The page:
Google Aims to Power East Coast

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Every year, somebody at our office circulates an email message updating us on what it’s like to work at Google. This message always generates a lot of “oohs” and “ahhs” at the water cooler. The privileged few who inhabit Google’s high command in Mountain View, CA are living the corporate good life. In between tweaking the […]

Google Aims to Power East Coast

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Google Aims to Power East Coast

Every year, somebody at our office circulates an email message updating us on what it’s like to work at Google. This message always generates a lot of “oohs” and “ahhs” at the water cooler. The privileged few who inhabit Google’s high command in Mountain View, CA are living the corporate good life. In between tweaking the algorithm that governs 80 percent of web searches, these working stiffs can be seen:

Serenely swimming in an Olympic-sized pool;

Reclining in ergonomically designed “stress” capsules;

Moving from floor to floor on a sliding pond;

Shooting pool in the billiard room;

Getting a professional massage;

Having a personal chef prepare a five-star meal for lunch.

Frankly, we’re fed up with the annual “what it’s like to work at Google” message. We’d like to forward it to the middle of the Atlantic Ocean.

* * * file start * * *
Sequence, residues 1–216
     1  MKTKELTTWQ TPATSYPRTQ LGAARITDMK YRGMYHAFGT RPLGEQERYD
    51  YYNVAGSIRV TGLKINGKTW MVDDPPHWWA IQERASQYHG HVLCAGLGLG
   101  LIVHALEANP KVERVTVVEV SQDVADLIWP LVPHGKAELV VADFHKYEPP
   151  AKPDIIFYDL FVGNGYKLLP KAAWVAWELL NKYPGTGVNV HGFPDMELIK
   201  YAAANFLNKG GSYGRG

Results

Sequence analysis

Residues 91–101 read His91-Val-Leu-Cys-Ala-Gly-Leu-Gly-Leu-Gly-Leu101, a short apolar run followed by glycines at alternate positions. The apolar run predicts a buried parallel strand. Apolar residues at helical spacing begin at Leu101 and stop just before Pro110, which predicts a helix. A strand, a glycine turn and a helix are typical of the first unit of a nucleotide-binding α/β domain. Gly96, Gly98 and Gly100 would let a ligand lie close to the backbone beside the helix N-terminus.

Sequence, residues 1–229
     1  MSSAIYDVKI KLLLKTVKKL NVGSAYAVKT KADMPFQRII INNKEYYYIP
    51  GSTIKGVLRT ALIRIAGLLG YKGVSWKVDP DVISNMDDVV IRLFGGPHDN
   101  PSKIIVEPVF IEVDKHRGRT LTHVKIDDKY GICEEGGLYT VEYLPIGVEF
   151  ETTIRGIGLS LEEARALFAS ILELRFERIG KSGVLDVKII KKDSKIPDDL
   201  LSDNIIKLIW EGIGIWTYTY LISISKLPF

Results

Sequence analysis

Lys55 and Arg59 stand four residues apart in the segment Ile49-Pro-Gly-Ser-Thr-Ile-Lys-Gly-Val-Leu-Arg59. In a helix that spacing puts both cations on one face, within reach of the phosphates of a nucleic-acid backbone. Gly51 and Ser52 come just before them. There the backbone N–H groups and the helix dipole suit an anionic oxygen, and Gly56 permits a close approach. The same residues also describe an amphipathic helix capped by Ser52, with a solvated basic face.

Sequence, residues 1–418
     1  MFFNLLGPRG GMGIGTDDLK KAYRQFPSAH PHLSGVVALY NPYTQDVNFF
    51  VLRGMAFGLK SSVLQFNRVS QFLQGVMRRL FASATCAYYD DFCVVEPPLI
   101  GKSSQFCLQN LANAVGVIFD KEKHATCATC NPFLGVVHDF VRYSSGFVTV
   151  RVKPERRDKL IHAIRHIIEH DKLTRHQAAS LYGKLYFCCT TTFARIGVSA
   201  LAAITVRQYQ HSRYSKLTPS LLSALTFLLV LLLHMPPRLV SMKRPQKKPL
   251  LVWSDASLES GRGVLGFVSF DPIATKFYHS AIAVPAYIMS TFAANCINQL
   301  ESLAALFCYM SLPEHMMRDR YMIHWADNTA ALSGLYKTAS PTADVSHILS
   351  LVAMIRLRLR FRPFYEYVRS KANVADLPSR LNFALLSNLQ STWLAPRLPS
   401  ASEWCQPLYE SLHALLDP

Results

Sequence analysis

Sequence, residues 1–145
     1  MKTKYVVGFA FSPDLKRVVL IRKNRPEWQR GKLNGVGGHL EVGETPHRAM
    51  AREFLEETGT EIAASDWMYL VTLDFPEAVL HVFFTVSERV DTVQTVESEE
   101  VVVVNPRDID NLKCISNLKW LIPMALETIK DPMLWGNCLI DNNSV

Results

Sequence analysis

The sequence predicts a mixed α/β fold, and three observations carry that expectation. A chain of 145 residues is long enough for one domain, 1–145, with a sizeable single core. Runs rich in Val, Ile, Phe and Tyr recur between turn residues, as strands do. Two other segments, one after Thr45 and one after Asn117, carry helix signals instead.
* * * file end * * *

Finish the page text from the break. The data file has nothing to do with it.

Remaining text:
Strike that last thought. Google just announced it has plans for the Atlantic Ocean. The search behemoth is going to spend $5 billion to power a huge stretch of the East Coast of the United States with wind from the Atlantic. Google intends to leapfrog to the head of the alternative energy pack.

The project would set up offshore wind turbines and a new transmission grid stretching 350 miles from New Jersey to Virginia. Google, which also is dabbling in robotic cars (they drive themselves), said it would provide 37.5 percent of the initial funding for the East Coast wind bonanza.

Rick Needham, director of green business operations and strategy at Google, described the project as a new “superhighway” for alternative energy, creating jobs and eventually providing enough power to serve 1.9 million households. “We’re willing to take calculated risks on large-scale projects that can move an industry. Indeed, that is what’s made our company so successful to date,” Needham told a news conference in Washington.

Google and its partners hope to begin work on the project, called the Atlantic Wind Connection, in early 2013 and complete it by 2020, subject to government approval. Needham said Google was open to further investment later.

We can imagine how this project got started. Google founders Sergey and Larry were taking a stress break after a five-star meal at the Mountain View HQ. While they were lying on the massage table, Sergey suddenly blurted out:

“Gigabits. Gigabits. That’s all we ever talk about. I’m sick of gigabits!”

To which Larry responded: “OK. How about gigawatts?”

We’ve got an uneasy feeling about this initiative. Creating a power transmission grid for the most densely populated chunk of the U.S.A. is not a simple algorithm. We’re talking about electricity here. Have these guys ever plugged in a server?

Besides, Google’s core business still needs a little tweaking. How do we know? We googled “East Coast” while researching this post.

Topping the results list was “Don’t Miss Octoberfest at East Coast Toyota! Lowest Prices on 2011 Camrys in New Jersey!”

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